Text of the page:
From Jerome's point of view, there are temptations to join with Hubert. He would be gaining a front seat at the banquet of power. This should mean that he could lobby for some of the crumbs of patronage that will fall from the table of government. He may be able to get positions for himself and his main supporters, a pay-back that some of them may expect and may desperately need. He will have a taste of power, a seat at the decision-making body of the nation. Politicians drool over such a prospect. He might even convince himself that he could be a force for good once he was in government.
The critical point of view in all this is the people's. From our point of view, Jerome joining a government that did not belong to his party would be only a negative development. We could no longer rely on him to keep government honest, something he could only do from the opposition benches. If he gave his allegiance to such a government then, when government made a mistake, he would have to keep quiet about it. He would no longer be available to introduce independent Motions, Resolutions, and Bills in the House, and lobby and argue for their passage. He could not organise the Public Accounts Committee to oversee government expenditure of public funds. He could not challenge government from the government benches. A voice for the people would have been lost. Anyone who thinks otherwise is either naïve or simply does not know how government works. Hubert's reign would become essentially unrestrained.
Other than Neil, who has never been known to speak in the past on any of the topics of transparency, accountability or integrity in government, there would be no advocate for good government in the House. Othlyn Vanterpool, the sole AUF member of the House if Sutcliffe were to win the election petition, would be as equally unreliable as Neil would have been as an advocate for transparency, accountability, and integrity in the new government. His timidity and inactivity in his last position as Director of Fisheries does not give us any confidence that he would suddenly become a champion for integrity in government.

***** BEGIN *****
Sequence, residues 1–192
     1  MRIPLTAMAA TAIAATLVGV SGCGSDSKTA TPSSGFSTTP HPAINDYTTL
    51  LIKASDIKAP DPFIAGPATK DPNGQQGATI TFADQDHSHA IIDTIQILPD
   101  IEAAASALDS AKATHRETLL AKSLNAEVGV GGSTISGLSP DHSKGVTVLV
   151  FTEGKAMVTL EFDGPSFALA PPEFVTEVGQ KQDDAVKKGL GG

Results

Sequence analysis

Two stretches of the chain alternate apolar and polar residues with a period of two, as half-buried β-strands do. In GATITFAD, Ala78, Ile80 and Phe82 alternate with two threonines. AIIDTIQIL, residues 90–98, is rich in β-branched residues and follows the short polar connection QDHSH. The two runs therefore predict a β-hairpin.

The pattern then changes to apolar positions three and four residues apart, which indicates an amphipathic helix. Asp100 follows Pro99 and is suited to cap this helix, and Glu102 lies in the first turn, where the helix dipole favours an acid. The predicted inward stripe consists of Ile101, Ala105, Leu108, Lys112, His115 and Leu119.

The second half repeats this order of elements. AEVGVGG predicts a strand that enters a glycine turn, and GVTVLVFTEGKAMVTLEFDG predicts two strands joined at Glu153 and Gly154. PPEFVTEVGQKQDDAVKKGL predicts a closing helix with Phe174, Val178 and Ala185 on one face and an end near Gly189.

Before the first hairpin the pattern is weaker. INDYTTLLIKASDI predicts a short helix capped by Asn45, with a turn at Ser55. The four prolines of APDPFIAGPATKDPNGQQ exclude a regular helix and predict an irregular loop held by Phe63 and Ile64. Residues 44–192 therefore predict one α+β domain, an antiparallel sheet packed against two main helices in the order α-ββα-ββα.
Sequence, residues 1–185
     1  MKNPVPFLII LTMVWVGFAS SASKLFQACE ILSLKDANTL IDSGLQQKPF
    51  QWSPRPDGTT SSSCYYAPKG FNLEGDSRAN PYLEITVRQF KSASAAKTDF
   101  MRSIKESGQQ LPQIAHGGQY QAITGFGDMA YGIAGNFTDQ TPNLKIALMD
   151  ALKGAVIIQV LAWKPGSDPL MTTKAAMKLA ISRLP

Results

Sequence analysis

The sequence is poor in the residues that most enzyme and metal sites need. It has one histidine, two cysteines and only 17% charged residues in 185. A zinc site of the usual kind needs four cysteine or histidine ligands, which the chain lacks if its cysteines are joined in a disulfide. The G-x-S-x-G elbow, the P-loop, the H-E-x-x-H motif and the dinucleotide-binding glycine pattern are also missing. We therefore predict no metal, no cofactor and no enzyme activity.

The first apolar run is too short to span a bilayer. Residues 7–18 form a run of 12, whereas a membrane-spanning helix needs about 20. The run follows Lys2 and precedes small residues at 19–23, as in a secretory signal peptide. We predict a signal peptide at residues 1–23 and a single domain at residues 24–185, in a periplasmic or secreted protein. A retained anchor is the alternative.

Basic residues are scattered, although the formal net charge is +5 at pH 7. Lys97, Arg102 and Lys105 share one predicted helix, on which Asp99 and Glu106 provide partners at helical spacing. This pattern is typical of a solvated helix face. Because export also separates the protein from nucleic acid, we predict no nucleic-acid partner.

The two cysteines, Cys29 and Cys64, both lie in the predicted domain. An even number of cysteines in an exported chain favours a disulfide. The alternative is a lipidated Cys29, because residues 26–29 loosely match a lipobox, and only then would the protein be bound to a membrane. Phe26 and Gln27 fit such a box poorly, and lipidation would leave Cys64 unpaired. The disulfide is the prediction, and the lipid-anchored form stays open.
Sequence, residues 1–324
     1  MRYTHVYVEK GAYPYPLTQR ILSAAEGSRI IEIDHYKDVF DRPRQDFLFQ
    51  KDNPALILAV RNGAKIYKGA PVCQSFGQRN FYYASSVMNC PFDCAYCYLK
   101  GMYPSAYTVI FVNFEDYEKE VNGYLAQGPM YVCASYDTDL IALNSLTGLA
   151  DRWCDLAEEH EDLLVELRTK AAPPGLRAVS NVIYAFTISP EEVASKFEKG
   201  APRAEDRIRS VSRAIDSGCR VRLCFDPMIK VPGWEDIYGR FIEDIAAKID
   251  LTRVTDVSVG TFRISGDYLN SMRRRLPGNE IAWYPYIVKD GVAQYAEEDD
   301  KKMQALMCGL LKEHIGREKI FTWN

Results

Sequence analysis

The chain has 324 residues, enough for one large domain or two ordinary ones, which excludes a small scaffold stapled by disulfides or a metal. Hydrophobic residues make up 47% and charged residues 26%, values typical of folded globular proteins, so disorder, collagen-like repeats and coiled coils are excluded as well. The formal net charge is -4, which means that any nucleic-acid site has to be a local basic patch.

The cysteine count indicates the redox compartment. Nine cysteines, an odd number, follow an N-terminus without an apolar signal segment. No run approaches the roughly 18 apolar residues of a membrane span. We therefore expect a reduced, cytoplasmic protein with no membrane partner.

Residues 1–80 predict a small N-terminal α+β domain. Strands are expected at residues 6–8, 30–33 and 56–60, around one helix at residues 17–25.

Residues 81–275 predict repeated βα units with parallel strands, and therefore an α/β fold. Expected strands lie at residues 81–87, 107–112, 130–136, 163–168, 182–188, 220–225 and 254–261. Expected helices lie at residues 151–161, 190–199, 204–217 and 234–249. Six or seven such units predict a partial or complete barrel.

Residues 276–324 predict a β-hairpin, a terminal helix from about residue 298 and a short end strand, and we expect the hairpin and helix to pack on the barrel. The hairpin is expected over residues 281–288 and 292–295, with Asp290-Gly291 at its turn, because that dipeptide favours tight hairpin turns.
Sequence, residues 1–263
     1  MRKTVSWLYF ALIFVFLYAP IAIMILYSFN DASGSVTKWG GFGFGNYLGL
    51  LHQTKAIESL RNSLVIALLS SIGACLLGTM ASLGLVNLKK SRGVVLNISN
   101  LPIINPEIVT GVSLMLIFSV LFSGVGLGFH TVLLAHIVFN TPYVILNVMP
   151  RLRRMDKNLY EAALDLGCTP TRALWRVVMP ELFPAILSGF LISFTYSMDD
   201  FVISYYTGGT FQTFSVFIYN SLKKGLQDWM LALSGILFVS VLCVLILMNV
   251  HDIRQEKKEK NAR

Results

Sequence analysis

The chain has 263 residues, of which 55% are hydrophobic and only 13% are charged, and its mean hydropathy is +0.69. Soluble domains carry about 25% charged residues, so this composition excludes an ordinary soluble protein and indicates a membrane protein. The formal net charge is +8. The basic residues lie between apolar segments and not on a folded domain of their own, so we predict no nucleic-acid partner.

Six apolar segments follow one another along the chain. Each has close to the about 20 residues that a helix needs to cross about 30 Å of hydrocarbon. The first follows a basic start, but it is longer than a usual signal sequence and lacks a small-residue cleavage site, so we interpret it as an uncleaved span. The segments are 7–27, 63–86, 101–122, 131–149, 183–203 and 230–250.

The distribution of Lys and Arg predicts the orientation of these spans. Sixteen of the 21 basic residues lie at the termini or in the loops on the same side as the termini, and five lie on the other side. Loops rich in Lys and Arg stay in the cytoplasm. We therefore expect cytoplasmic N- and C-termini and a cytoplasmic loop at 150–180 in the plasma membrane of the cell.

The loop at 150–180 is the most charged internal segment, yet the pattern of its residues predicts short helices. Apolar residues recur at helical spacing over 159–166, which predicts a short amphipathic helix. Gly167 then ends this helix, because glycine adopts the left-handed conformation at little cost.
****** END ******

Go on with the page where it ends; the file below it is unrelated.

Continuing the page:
Don't get me wrong. I am not assuming that Hubert's government is inevitably going to go rogue. I am not attacking Hubert. I am assuming that, no matter how hard Hubert tries, there will be a need for an opposition to do what a good opposition does: to point out the mistakes that are being made, the concerns that are not being addressed, and the promises that are not being fulfilled. The likelihood is that Hubert will be so busy worrying over the economy for the next couple of years that he will put his undertakings to introduce good-governance measures on the back burner. We shall need a vocal and active opposition in the House to remind him of his campaign promises. That is why we need a Jerome on the opposition benches.
If Jerome were to be seduced into Hubert's 'national government', he would have shown himself to be unreliable. His reputation for integrity would be shot. He would have turned his back on his party. He would be seen as having been willing to sell them out for thirty pieces of silver. A viable, energetic, enthusiastic, developing political force, the APP, would have been betrayed, perhaps mortally wounded. It might be difficult for the party to recover from such a near-mortal blow. Neither Jerome nor the APP would be likely to gain an increase in public support in the next general elections. It would more likely than not be the end of Jerome's career in the House of Assembly. The likelihood is that, having cut ranks and crossed the floor, he would never win his seat again. Could this be what President Abraham Lincoln meant when he famously asked, “Am I not destroying my enemy when I make a friend of him?”
The damage to Jerome would be the least of the loss to Anguilla. It is vital for a healthy democracy that we have a robust and active opposition in the House of Assembly and in the country, whether it be the AUF or the APP, to keep the new government on their toes. It is precisely the absence of such an effective opposition over the past ten years that is largely to blame for the island having sunk insensibly into bankruptcy and discredit. Jerome joining a “national government” with Hubert Hughes would be a loss for Jerome, for the APP, and, most of all, for Anguilla.
The Jerome I know has too much political savvy to make such a short-sighted, party-destroying, nation-denying, career-ending mistake.